Solicitors may attend Garda interviews
Director of Public Prosecutions signals major policy shift over access to solicitor
Suspects in Garda custody can now have their solicitor present during interviews after a major policy shift by the Director of Public Prosecutions (DPP).
The DPP has issued a direction to An Garda Síochána that, where a request is made by a suspect who is detained in a Garda station to have his solicitor present for interview, the request should be acceded to.
The move follows a Supreme Court judgment which implicitly suggested that the State should allow such access, which would bring Ireland into line with standard practice in many European states.
The court’s observations, made in a decision that dealt with a separate issue last March, were widely seen as making the long-discussed policy change inevitable.
Solicitors have welcomed the change but complained that the sudden announcement raised practical questions that must urgently be resolved. These centre on additional funding for the Criminal Legal Aid Scheme and the extra resources that will be required for solicitors to be present during often lengthy interviews.
The Department of Justice responded to the DPP’s initiative by issuing a circular to the Law Society, which represents solicitors, outlining what it believed should be the role and function of lawyers at Garda stations.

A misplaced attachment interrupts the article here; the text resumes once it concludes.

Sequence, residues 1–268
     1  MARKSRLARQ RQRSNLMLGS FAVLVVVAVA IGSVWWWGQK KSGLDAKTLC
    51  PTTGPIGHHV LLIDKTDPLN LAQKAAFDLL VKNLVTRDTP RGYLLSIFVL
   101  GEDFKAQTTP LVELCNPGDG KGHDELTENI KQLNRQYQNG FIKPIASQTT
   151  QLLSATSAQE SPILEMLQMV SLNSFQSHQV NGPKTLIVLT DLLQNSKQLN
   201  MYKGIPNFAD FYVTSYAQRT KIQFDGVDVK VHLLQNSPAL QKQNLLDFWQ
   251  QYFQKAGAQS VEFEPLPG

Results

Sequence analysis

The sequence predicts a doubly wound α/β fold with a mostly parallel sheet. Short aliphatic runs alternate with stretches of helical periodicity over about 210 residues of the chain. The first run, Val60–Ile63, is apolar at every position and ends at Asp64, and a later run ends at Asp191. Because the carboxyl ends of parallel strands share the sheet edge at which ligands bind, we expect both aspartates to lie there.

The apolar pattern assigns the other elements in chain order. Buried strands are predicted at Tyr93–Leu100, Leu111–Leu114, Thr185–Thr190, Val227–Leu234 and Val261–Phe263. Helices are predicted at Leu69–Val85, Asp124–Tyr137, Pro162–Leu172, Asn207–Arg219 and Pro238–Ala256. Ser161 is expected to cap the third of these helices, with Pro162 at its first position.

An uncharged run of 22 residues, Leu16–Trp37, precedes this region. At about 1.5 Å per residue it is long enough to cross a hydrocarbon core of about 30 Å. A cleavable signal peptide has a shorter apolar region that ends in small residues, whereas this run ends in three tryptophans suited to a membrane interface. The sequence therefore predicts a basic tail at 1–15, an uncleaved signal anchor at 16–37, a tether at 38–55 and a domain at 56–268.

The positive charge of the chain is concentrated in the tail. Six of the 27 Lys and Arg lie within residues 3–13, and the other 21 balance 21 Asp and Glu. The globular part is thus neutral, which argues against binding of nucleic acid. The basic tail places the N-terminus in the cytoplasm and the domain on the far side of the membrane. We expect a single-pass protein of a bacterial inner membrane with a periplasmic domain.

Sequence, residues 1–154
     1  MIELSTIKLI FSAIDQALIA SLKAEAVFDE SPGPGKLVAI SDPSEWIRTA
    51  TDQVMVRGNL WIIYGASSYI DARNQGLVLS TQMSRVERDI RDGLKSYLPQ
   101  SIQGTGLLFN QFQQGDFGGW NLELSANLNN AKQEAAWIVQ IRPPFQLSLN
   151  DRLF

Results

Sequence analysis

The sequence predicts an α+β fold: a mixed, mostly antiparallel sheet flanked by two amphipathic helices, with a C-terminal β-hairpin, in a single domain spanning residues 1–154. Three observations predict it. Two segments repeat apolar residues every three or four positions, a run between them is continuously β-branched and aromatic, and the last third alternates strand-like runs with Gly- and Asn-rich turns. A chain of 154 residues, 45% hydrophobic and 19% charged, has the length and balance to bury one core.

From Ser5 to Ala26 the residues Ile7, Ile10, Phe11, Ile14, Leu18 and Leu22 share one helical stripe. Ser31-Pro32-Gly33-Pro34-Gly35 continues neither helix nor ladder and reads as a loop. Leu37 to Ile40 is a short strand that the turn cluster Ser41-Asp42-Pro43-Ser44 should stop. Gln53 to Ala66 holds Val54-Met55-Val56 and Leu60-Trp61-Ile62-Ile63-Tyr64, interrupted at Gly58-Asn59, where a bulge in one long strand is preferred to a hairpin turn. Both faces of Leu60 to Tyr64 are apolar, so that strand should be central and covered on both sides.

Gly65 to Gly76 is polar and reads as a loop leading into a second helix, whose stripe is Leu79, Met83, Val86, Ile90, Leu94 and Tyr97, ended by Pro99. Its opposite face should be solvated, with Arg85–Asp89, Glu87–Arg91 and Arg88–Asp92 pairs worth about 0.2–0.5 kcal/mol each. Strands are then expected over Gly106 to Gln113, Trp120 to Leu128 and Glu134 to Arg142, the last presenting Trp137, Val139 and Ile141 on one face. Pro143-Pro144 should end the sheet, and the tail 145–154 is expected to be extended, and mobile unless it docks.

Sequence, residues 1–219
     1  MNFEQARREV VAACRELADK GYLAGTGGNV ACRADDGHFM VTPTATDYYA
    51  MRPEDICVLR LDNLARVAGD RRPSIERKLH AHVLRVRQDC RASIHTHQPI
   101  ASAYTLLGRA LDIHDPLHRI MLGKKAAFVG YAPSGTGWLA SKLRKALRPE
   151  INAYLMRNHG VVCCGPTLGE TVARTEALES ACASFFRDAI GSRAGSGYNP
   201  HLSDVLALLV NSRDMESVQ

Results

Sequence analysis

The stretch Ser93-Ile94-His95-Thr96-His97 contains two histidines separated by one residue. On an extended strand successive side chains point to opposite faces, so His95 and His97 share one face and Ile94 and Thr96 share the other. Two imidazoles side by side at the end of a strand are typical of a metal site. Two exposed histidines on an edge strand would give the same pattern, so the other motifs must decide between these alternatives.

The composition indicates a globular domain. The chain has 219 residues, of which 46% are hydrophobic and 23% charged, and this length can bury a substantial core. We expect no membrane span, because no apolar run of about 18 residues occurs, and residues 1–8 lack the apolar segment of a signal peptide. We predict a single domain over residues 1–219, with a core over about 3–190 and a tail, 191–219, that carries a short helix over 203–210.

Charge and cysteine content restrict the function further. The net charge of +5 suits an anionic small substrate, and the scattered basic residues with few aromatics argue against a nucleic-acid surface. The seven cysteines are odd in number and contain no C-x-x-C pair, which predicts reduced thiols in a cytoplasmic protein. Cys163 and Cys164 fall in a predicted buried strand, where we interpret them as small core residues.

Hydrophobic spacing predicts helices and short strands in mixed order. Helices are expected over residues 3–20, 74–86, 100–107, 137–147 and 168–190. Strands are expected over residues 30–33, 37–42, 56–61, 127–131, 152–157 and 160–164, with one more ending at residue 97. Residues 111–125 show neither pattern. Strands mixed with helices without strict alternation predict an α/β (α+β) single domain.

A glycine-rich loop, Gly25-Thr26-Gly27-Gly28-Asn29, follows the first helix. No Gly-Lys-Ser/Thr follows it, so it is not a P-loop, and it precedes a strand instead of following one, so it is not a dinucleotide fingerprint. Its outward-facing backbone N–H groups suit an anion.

It said that solicitors could participate during questioning by seeking clarification, challenging improper questions, advising clients not to reply to a particular question or requesting suspension of the interview if they wish to give a client further legal advice in private.
“It is not part of the role of the solicitor to answer questions on the client’s behalf,” the circular stated, adding that a lawyer may be required to leave the interview “if their conduct is such that it prevents, interferes with or unreasonably obstructs the proper questioning of the suspect or the suspect’s responses being recorded.”
A statement from the department said it was in discussions with the Law Society with a view to putting in place, on an administrative basis for the present, a procedure governing the presence of solicitors at interview.
It said it had also invited the society to discuss the extension of legal aid for suspects who cannot afford their own legal representation.
In the Seanad last week, Fine Gael senator Hildegarde Naughton said the change was long overdue and should lead to a decrease in the number of legal challenges to statements of admission given by people while in custody.
But she was concerned that the Oireachtas had been “bypassed” in this “fundamental shift” in the rights of people in custody and asked that the Minister for Justice explain the position.
“I find it unusual that such a far-reaching overhaul of the system of justice is arrived at by the Director for Public Prosecutions without either a decision of the Supreme Court or debate in the Oireachtas,” Ms Naughton added.
In an article in today’s Irish Times, solicitor Dara Robinson of Sheehan & Partners describes the new change as the most significant in criminal justice procedure in the last 30 years.
Legal opinion: Business + Innovation, page 7